Smart CCTV and the Management of Urban Space

Smart CCTV and the Management of Urban Space

Jung Hoon Han (The University of New South Wales, Australia), Scott Hawken (University of New South Wales, Australia) and Angelique Williams (University of New South Wales, Australia)
Copyright: © 2018 |Pages: 19
DOI: 10.4018/978-1-5225-2589-9.ch023
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Abstract

This chapter briefly describes the proliferation of CCTV over the last few decades with particular reference to Australia and discusses the limits of the technology. It then focuses on new image interpretation and signal processing technologies, and how these advanced technologies are extending the reach, power, and capabilities of CCTV technology. The advent of “Smart” CCTV has the ability to recognize different human behaviours. This chapter proposes a typology to assist the application and study of Smart CCTV in urban spaces. The following four typologies describe different human behaviours in urban space: 1) Human-Space Interaction, 2) Human-Social Interactions, 3) Human-Object Interactions, and 4) Crowd Dynamics and Flows. The chapter concludes with a call for future research on the legal implications of such technology and the need for an evidence base of risk behaviours for different urban situations and cultures.
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I. Introduction

Smart Cities aim to make urban areas more livable, efficient and safe through the integration of information and communication technology (ICT). Smart technologies within Smart Cities can either act as new innovative infrastructure in their own right, or more frequently, are implemented to transform the way traditional infrastructure and services are accessed and used. ICT facilitates networking and engagement with the urban system, and can improve the quality of life for people in urban areas (Han & Lee, 2013; Lee, at al. 2014; Neirotti, et al. 2014). A range of these smart technologies have been adapted to transform urban infrastructure into “smart” infrastructure. Examples include the city-wide collection of digital data on parking spaces and urban services; security cameras that identify pedestrian risk behaviours; and GPS systems that identify traffic congestion, taxi locations and traffic lights. Such advances give urban residents access to real-time information so they can make better decisions whether it be: selecting the fastest driving route and avoiding congestion, or identifying and visiting nearby services, or avoiding crime or disaster scenes (Yigitcanlar & Han, 2010). Smart technology is changing the way urban residents use traditional cities and urban infrastructure. The range of smart technology is proliferating rapidly with new software and algorithms transforming technology that has been around for many decades.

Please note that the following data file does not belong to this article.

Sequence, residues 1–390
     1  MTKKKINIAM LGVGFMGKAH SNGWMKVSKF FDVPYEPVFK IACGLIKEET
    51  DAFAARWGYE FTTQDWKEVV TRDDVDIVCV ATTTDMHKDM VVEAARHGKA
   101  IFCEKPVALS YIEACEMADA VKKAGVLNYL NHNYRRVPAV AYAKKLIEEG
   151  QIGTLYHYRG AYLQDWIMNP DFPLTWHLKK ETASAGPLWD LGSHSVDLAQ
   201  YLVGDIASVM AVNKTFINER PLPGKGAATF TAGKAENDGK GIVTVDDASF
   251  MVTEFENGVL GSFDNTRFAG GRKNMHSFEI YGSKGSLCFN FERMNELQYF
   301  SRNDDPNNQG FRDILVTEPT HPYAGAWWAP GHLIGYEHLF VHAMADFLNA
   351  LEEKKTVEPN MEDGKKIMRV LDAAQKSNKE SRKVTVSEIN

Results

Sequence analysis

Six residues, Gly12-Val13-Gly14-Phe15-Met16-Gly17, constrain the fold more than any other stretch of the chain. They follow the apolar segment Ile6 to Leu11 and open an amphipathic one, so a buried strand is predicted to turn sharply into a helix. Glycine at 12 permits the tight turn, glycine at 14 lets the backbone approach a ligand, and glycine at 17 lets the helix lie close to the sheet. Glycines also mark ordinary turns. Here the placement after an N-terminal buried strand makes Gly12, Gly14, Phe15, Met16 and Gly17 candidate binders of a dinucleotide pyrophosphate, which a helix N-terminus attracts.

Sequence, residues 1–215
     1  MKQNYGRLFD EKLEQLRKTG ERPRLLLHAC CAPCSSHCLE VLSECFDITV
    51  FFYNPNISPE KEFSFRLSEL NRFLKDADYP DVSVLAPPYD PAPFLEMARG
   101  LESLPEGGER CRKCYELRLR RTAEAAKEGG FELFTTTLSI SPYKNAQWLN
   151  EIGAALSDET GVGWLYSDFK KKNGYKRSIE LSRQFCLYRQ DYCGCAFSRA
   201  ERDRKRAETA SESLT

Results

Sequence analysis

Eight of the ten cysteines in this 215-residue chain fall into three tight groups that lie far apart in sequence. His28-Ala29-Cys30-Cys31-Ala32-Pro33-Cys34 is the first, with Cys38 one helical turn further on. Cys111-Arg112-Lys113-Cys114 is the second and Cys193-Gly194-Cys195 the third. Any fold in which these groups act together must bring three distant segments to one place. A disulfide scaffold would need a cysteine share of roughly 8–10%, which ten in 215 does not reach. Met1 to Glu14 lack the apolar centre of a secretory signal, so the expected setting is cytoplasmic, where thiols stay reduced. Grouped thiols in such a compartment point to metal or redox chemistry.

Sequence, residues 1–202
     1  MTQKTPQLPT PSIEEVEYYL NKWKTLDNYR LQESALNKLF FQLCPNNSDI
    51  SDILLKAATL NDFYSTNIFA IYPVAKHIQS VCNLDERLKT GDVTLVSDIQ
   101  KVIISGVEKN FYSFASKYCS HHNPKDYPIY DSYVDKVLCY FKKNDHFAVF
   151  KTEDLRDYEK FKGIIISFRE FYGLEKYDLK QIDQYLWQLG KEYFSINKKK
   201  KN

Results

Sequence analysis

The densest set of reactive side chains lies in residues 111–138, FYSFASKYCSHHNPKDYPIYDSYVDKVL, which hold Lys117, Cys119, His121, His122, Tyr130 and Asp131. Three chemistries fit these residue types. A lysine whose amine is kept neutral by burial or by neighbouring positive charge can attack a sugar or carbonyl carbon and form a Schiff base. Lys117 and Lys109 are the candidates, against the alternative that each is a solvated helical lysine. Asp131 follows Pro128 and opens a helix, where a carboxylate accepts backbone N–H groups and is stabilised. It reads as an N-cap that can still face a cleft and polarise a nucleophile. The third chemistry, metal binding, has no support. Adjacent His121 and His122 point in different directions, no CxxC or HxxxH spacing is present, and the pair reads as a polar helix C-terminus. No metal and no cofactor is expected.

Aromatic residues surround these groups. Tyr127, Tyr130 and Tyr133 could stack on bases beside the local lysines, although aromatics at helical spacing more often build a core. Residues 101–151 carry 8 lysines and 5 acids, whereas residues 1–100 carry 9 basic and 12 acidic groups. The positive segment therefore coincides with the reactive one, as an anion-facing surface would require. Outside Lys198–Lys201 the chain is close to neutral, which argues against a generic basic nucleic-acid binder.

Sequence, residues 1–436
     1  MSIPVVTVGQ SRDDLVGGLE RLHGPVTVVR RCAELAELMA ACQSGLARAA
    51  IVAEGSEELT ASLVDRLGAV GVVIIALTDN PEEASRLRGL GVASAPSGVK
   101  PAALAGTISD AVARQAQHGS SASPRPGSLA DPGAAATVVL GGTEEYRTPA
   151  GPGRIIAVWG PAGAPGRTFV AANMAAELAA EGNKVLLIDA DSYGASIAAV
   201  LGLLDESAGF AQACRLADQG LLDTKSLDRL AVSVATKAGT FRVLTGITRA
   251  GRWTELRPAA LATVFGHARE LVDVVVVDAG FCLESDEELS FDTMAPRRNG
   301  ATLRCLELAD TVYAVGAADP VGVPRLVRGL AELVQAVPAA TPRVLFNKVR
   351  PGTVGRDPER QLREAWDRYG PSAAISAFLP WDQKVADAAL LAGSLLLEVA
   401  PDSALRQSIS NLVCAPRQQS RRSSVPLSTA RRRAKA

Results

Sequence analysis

One such technology, in the process of being transformed, is Closed Circuit Television (CCTV). This chapter briefly discusses the use CCTV technology during the last few decades and outlines the limits of its effectiveness. It then focuses on the transformation of this technology by new innovations. Finally a four category typology to help with the application of this technology in urban space is proposed. The categories that make up the typology are:

  • 1.

    Human-Space Interaction;

  • 2.

    Human-Social Interactions;

  • 3.

    Human-Object Interactions; and

  • 4.

    Crowd-Dynamics and Flows.

Traditional CCTV technology consists of two parts:

  • 1.

    The camera or sensor, and

  • 2.

    The interpretation or signal processing of the image sequence that the video camera takes.

There have been recent advances in both these areas. Image interpretation and signal processing technologies are now employing advanced algorithms to capture changes in the images recorded by the sensors, and the sensors themselves are also becoming more sensitive and so extending the reach, power and capabilities of CCTV technology. These two aspects of CCTV technology are significant for the continued rollout of new CCTV technology and the transformation of existing technology already deployed in cities around the world.

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Ii. The Proliferation Of Cctv In Global Cities

The emergence of Closed Circuit Television (CCTV) systems occurred in the 1960s, Its subsequent proliferation in the 1980s and 1990s, has been documented by various authors (Fyfe and Bannister, 1996; Norris, Moran and Armstrong, 1998; Webster, 2004a). Especially since 9/11, CCTV technology has been adopted by urban governments. This reflects growing pressures to guarantee community and public safety in urban spaces, and changing socio-political government agendas. In Australia uses of CCTV technology have been most prevalent in the law and order context (Australian Institute of Criminology, 2004). The attractiveness of CCTV as a tool for the management of urban spaces can be explained by reference to three categories of justification: first, as having a predictive, preventative or deterrent function; second, in assisting on-the-spot responses to emergency situations as they occur; and third, in forensically identifying what has occurred in the past (Waters, 1996). Further attention is devoted to these applications of CCTV technology later in the chapter.

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